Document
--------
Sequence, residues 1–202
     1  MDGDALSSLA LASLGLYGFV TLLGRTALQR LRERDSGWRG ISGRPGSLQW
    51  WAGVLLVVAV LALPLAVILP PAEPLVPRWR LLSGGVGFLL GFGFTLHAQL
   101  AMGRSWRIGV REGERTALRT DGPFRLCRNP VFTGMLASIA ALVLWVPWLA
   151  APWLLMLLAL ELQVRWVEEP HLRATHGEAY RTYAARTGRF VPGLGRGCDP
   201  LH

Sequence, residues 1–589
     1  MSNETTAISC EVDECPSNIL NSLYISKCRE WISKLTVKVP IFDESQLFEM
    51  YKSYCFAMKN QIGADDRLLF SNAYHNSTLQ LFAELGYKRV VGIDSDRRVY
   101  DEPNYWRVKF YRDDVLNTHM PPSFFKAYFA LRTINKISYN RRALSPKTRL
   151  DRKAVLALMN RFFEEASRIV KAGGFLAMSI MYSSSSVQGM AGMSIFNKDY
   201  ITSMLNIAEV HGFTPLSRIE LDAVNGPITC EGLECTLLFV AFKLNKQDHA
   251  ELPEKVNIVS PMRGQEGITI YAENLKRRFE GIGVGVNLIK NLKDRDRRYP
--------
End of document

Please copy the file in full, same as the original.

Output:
Sequence, residues 1–202
     1  MDGDALSSLA LASLGLYGFV TLLGRTALQR LRERDSGWRG ISGRPGSLQW
    51  WAGVLLVVAV LALPLAVILP PAEPLVPRWR LLSGGVGFLL GFGFTLHAQL
   101  AMGRSWRIGV REGERTALRT DGPFRLCRNP VFTGMLASIA ALVLWVPWLA
   151  APWLLMLLAL ELQVRWVEEP HLRATHGEAY RTYAARTGRF VPGLGRGCDP
   201  LH

Sequence, residues 1–589
     1  MSNETTAISC EVDECPSNIL NSLYISKCRE WISKLTVKVP IFDESQLFEM
    51  YKSYCFAMKN QIGADDRLLF SNAYHNSTLQ LFAELGYKRV VGIDSDRRVY
   101  DEPNYWRVKF YRDDVLNTHM PPSFFKAYFA LRTINKISYN RRALSPKTRL
   151  DRKAVLALMN RFFEEASRIV KAGGFLAMSI MYSSSSVQGM AGMSIFNKDY
   201  ITSMLNIAEV HGFTPLSRIE LDAVNGPITC EGLECTLLFV AFKLNKQDHA
   251  ELPEKVNIVS PMRGQEGITI YAENLKRRFE GIGVGVNLIK NLKDRDRRYP